Change is inevitable and over the years, VV CDC has transformed itself based on community and internal forces. VV CDC implemented its first priority to physically beautify its immediate environment, through creation of community work projects on the grounds and surrounding neighborhood of Crenshaw Christian Center of Los Angeles. Today, professionals, government officials and business owners from this and surrounding communities attend a cadre of meetings designed to enhance the community on countless levels, drawn to this site because CCC stands alone as a welcoming place with its lush, inviting oasis in the middle of an untidy urban environment.
The beautification project began on the grounds of Crenshaw Christian Center of Los Angeles County (CCC). Beginning at the church in 1992, Dr. Betty R. Price leveraged her position as First Lady to share her vision of the need for community rebuilding, resultant from the civil unrest. Dr. Fredrick K.C. Price took a leadership position, administratively and financially by commissioning the Vermont Village Community Development Corporation, a standalone nonprofit 501(C)(3) community based organization. Its office has been continually located at 7901 South Vermont Avenue, Los Angeles CA. The local community benefits from the VV CDC activities. The organization is open to anyone and everyone for all services VV CDC provides.
Vermont Village CDC recognizes South Central Los Angeles, and particularly the Vermont Corridor as an emerging community in the sense this area was physically and economically devastated twice in a short period of time. Initially the commercial strip, which stretches six miles from Florence to Imperial Highway, was destroyed by the 1965-Watt’s riots from which it began to surface at the time of the 1992 civil unrest, which devastated those new and renovated businesses.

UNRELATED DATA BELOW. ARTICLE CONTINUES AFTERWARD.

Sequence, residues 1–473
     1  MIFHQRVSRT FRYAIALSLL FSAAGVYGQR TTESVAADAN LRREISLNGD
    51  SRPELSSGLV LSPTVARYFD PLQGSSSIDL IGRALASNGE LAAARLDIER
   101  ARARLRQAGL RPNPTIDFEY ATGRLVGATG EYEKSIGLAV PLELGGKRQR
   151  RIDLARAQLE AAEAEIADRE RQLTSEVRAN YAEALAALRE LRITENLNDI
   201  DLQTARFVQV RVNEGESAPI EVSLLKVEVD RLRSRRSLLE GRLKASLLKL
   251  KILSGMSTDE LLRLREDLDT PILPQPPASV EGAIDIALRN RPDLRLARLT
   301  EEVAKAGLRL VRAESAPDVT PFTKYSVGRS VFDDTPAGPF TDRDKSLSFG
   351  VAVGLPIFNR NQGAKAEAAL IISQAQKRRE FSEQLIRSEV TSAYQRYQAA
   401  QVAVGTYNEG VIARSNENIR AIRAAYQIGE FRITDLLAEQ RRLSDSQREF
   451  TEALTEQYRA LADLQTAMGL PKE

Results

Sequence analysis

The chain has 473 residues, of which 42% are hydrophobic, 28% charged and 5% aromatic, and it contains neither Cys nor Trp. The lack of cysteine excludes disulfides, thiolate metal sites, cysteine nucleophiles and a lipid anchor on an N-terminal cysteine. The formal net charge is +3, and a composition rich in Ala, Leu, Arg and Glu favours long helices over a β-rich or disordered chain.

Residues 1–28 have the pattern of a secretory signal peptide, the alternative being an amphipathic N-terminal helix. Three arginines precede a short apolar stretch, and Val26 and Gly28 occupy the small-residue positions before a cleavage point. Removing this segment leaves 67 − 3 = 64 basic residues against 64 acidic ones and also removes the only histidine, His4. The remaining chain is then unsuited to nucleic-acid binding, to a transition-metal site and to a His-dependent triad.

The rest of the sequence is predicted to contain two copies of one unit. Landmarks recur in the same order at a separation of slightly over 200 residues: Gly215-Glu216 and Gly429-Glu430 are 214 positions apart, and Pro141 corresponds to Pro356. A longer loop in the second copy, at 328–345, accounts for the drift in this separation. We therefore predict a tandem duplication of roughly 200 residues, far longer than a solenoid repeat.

In recognition of these events, the first economically based project pursued by the VV CDC was the acquisition and renovation of the northeast corner of Vermont Avenue and 81st street. VV CDC sought to restore a vacant multi-tenant commercial building; it was a 26,921 square foot, two story building with a mezzanine tower and basement. AS the negotiations moved forward; the deal was abandoned because an agreement on the purchase price could not be reached with the owner. Today, a major project of the VV CDC is its management of the LA County Administration building with tenants located at 120th and Western Ave in Los Angeles.
Through these projects and others like it the VV CDC has generated employment opportunities and much needed social services for the community. The project is helping small businesses surrounding the development with the opportunity for them and the neighborhood residents to benefit financially from the foot traffic of well over 900 to 1,200 people a day in need of goods and services.
The organization recognizes the changing ethno-cultural demographics of the community. Other changes have occurred since the 1992 unrest with significant decrease in some crimes, an increase in household income and employment opportunities as well as educational attainment (United Way zip code data book 2003) all indicators which will embrace the economic development goals explored in the next section.